6. As to the selection of a receiver, in the event of a Civil Court deciding to take such a course as that which we have suggested, here also the exercise of a discretion is involved. The Civil Court has a discretion to continue the receiver appointed by the Magistrate or to appoint some one else as receiver, and, in the absence of good reason to the contrary, it appears to us wiser and more prudent that the receiver appointed by the Magistrate should be continued. A change of management is in itself undesirable, and if a Magistrate's receiver is liable to be removed when a suit is instituted, it may be difficult for the Magistrate to find a proper person for the post. In the case before us it appears that the land attached by the Magistrate forms a great part though not the whole of the land which is the subject matter of the suit before the Subordinate Judge. It is not suggested that Mr. Stevens, the receiver appointed by the Magistrate, had been guilty of mismanagement or was in any way unfit for the post. On the contrary when the, plaintiffs applied to the Subordinate Judge (sic) point a receiver, they suggested that the appointment would be given to. Mr. Stevens. So far as the (sic) for forming a conclusion are before us, it appears to us that the Subordinate Judge, assuming that he was in a position to appoint a receiver, would have made a wiser choice if he had selected Mr. Stevens. If he had done so there would probably have been no difficulty.
7. The Subordinate Judge made two orders in this connection, an order dated April 26, 1912, and an order dated June 5, 1912. The former order purported to remove Mr. Stevens and to appoint Babu Jatadhari Prasad to be receiver. It was made on the application of the plaintiffs to which we have referred and in the presence of the plaintiffs and the defendant No. 1 apparently by consent. Subsequently the other defendants as well as Mr. Stevens came in and preferred objections. After hearing arguments, the Subordinate Judge passed the second order confirming the first. The appeal before us, preferred by the objecting defendants, is expressed to be from the second order. It was suggested for the respondents that no appeal lies from that order inasmuch as it was merely confirmatory. There is no substance in this contention. The Civil Procedure Code, Order XLIII, Rule 1 (s), allows an appeal from an order made under Rule 1 of Order XL. The first order which was made behind the back of the appellants must be regarded as merged in the second. In substance and effect the appeal is from an order appointing a receiver which purports to be made under Rule 1 of Order XL. Such an order is appealable under Order XLIII.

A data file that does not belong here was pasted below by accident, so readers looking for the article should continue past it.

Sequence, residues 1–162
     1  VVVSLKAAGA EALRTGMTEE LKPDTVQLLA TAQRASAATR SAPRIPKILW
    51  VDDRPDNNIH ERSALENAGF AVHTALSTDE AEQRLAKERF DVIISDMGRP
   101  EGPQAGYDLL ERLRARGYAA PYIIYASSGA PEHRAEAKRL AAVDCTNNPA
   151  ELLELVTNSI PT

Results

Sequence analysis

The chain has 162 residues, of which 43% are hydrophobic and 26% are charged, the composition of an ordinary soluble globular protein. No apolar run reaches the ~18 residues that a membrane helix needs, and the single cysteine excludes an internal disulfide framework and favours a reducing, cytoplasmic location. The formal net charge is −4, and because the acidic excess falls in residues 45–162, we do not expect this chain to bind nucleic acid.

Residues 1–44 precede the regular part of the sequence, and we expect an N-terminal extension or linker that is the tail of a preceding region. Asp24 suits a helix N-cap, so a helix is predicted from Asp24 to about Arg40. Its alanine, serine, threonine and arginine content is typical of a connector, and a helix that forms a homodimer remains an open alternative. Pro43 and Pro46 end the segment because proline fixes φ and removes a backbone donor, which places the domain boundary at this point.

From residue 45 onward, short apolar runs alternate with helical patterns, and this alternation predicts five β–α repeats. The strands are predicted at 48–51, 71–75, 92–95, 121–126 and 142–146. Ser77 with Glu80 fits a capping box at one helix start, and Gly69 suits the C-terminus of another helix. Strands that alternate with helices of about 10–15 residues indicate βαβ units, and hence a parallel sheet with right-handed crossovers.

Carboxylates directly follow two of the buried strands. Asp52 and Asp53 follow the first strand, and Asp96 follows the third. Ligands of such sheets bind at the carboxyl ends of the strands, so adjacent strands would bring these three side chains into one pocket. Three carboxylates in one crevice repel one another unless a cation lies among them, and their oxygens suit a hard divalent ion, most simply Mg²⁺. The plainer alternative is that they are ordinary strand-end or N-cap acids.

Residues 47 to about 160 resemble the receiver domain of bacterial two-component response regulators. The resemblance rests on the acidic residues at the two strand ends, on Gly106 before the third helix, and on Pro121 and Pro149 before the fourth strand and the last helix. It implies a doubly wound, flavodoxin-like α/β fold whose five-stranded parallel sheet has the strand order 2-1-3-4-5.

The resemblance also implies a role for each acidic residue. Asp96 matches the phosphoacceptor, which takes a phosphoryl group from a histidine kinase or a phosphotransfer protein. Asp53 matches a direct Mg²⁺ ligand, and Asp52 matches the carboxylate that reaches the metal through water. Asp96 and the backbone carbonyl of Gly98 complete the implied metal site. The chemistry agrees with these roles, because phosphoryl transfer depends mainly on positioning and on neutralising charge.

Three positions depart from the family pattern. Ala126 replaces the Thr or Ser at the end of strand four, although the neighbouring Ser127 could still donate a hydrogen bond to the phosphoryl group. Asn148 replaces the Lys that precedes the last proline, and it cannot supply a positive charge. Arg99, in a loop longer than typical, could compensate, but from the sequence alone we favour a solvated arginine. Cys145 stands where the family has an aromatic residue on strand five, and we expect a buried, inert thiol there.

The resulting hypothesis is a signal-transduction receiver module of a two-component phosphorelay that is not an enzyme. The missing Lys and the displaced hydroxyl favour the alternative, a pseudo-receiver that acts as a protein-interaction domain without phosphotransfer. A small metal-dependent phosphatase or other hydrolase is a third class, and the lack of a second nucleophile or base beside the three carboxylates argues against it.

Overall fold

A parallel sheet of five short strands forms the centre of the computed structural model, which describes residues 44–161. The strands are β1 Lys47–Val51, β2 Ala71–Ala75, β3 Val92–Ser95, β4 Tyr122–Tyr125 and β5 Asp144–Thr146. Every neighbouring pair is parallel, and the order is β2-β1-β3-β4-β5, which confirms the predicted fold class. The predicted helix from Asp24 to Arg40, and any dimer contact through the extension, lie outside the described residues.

8. The result is that the appeal is allowed to this extent, that both the orders of the Subordinate Judge are set aside and the matter is remitted to him to be dealt with in the light of the observations which we have made. The appellants are entitled to their costs already incurred in this connection in this Court and the Court below. Further costs will be in the discretion of the Subordinate Judge.
9. The above order sufficiently disposes of the rule issued at the instance of Mr. Stevens. Mr. Stevens is entitled to his costs in this Court and the Court below out of the attached property. As in the appeal, we, make no order as to any further costs he may incur.